FIG. 3 is a block diagram plan view of client node 51 according to a preferred embodiment of the present invention. The same drawing may represent resource node 53 and other nodes in either matrix. A node is a client node or a resource node by nature of connection to resources or clients, rather than by particular physical structure.
Node 51 comprises a CPU 81, a memory unit 83 and routing bridge circuitry 85. In this embodiment the memory unit is random access memory (RAM). It will be apparent to those with skill in the art that other types of electronic memory may be used as well.
Control routines stored in memory 83 are accessed and operated by CPU 81 to manage data flow and logical functions for the local node. Outputs from CPU 81 configure bridge circuitry 85 for routing requests and data in the network. In node 41, CPU 81 is linked to RAM 83 by bus 87 and to bridge 85 by bus 89. A third bus 88 in this embodiment links bridge circuitry 85 with memory 83. In one embodiment, bus 88 has an extra wide bandwidth.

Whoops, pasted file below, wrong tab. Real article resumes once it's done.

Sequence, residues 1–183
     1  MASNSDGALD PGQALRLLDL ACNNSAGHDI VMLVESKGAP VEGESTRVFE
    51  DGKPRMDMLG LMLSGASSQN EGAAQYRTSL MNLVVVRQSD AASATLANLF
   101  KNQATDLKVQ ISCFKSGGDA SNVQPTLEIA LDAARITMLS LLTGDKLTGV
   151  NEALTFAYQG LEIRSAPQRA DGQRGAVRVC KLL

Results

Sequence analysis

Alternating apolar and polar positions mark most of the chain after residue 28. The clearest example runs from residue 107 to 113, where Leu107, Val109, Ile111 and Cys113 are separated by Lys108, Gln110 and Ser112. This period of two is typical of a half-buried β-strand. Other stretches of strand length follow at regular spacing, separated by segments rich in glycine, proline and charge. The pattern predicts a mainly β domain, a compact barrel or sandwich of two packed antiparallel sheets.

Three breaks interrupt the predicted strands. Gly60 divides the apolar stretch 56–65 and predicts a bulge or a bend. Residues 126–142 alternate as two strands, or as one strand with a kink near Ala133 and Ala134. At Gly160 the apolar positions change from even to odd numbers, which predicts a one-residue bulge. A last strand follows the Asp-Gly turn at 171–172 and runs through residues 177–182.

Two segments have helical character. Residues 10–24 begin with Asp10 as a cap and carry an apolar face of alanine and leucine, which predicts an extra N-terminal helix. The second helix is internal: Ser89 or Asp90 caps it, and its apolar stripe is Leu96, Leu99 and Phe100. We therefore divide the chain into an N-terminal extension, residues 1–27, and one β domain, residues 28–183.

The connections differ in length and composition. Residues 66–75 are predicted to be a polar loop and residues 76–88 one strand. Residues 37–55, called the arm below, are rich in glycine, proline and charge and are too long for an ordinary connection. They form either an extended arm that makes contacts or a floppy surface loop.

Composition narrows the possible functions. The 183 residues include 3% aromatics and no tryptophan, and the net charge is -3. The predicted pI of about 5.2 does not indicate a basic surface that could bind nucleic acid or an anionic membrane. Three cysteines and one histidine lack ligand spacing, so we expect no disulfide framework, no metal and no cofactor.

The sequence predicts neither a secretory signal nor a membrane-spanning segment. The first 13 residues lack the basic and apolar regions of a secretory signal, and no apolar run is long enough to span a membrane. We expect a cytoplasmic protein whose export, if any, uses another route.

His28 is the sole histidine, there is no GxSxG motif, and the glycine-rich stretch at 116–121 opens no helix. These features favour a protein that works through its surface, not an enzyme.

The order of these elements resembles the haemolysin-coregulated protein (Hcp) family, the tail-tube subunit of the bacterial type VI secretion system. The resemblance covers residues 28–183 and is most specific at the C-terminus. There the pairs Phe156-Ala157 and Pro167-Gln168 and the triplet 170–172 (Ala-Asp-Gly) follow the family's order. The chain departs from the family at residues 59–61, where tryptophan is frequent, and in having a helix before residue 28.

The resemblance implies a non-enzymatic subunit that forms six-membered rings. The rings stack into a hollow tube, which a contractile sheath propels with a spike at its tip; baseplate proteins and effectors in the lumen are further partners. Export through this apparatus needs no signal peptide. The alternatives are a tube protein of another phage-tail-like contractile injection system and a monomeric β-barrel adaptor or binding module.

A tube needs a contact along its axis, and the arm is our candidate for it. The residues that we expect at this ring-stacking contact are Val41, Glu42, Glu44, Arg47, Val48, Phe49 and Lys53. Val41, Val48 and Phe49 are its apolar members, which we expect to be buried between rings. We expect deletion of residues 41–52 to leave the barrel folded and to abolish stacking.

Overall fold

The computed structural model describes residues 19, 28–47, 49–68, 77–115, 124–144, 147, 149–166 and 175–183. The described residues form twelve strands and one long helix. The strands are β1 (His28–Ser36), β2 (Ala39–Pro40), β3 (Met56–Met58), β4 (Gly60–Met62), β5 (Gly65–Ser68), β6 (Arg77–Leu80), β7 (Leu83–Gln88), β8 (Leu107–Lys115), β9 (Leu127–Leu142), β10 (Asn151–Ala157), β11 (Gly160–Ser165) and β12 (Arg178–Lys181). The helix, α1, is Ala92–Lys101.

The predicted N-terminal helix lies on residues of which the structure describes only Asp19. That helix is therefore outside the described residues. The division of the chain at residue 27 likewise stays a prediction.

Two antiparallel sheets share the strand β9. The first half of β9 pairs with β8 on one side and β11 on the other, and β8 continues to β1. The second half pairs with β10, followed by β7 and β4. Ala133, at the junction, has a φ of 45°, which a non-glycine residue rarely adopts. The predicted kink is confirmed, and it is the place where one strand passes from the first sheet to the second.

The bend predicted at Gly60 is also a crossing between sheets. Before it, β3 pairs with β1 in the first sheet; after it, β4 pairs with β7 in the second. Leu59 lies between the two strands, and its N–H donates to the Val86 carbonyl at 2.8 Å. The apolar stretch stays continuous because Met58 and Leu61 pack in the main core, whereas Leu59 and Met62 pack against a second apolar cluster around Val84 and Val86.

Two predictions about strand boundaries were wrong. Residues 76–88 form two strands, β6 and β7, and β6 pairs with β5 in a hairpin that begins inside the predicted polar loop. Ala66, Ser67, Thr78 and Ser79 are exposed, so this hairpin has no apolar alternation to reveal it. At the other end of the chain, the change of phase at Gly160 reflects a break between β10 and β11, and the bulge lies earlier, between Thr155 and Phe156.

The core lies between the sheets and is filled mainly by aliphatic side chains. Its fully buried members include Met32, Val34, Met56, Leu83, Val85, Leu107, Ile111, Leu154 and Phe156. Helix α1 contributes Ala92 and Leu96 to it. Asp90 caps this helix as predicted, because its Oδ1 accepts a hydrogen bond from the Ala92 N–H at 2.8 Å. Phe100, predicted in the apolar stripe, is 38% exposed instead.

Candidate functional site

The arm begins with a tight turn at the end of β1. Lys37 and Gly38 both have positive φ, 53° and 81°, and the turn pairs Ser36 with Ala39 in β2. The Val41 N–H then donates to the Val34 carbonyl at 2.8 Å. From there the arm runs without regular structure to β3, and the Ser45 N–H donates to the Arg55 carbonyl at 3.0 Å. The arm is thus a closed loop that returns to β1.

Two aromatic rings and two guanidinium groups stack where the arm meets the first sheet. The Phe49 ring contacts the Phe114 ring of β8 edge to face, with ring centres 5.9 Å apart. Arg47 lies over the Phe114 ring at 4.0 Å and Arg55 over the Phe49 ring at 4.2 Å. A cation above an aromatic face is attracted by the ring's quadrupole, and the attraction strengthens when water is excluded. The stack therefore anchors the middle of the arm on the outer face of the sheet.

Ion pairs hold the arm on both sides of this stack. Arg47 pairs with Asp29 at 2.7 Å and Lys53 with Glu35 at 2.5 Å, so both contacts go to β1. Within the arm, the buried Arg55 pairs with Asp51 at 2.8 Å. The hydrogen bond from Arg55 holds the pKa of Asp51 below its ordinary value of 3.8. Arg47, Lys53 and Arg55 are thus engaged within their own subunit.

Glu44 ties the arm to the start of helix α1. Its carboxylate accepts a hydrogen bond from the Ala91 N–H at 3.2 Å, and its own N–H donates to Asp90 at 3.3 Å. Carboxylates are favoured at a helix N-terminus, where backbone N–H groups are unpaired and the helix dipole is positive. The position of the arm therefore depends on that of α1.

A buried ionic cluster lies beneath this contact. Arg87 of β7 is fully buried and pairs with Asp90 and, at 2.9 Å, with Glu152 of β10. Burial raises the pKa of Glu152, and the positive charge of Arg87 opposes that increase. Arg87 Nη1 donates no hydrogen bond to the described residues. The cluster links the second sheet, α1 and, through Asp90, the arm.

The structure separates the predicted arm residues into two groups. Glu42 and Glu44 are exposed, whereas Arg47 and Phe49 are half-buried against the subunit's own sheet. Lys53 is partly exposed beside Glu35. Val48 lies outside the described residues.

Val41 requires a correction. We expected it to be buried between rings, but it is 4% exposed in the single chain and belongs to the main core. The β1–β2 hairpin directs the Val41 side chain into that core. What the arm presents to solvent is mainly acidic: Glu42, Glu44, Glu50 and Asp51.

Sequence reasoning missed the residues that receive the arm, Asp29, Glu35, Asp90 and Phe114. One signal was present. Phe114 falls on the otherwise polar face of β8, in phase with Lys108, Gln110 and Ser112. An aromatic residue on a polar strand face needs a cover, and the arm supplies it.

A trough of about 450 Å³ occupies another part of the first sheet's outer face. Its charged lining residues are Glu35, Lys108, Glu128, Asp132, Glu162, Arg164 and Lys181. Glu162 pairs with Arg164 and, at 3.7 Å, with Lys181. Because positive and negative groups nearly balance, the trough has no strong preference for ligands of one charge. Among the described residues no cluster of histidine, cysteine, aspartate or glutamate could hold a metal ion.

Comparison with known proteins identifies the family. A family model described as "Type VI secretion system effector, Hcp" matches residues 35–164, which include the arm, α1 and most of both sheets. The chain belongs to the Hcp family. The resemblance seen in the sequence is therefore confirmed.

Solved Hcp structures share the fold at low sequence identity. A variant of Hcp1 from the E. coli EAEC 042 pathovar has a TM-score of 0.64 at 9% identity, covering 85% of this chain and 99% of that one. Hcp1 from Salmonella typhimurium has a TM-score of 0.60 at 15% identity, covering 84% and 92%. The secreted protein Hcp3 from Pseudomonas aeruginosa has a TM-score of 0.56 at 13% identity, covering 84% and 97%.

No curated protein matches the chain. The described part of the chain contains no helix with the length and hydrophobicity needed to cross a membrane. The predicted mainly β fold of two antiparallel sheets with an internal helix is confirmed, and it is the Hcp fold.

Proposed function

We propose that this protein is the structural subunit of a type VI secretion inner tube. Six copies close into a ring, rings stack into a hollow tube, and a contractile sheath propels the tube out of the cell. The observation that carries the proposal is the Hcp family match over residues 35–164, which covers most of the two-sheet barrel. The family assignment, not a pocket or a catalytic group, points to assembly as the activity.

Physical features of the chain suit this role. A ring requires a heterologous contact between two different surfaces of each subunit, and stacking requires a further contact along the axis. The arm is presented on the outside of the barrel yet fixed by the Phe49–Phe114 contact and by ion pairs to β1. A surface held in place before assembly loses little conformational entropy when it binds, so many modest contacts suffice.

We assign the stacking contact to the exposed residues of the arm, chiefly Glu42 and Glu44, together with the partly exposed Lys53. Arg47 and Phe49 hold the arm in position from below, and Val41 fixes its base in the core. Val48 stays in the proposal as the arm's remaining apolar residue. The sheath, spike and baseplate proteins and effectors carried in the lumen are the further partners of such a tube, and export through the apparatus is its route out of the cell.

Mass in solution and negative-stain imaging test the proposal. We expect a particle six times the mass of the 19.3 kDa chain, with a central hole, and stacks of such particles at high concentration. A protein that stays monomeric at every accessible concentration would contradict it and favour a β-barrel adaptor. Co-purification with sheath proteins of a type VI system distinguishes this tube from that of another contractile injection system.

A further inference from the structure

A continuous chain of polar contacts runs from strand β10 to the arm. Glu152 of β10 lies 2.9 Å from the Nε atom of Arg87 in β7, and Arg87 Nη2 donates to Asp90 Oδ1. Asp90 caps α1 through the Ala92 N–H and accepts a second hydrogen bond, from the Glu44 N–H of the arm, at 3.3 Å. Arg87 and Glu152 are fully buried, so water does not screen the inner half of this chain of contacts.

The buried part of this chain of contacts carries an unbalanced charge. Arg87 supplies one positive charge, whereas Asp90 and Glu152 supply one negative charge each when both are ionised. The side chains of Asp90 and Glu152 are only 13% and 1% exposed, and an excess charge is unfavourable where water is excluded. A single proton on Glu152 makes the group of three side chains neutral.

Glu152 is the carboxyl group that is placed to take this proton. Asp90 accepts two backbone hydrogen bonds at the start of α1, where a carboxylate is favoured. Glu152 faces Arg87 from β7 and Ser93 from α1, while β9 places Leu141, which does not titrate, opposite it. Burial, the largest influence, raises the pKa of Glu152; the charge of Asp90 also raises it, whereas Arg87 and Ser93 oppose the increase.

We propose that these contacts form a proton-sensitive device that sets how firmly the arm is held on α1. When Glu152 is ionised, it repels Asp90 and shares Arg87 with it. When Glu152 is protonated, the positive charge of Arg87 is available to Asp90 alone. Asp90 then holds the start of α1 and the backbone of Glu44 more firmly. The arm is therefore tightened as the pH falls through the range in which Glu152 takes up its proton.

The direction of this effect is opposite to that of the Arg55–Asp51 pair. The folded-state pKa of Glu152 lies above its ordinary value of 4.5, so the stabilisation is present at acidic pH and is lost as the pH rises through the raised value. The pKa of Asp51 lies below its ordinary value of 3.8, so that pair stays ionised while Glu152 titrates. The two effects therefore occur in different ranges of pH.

Links 44 are links to adjacent nodes on the same PCB as described above. Link 55 is the link to a client LAN in this example via an outside connector, and link 57 is the link to an associated node in the resource array. In the case of a resource node, link 57 would be the link to a resource or a resource hub. An advantage of RAM at each node is that control routines may be accessed and updated, and orchestrated from outside computer equipment to provide for optimum operation.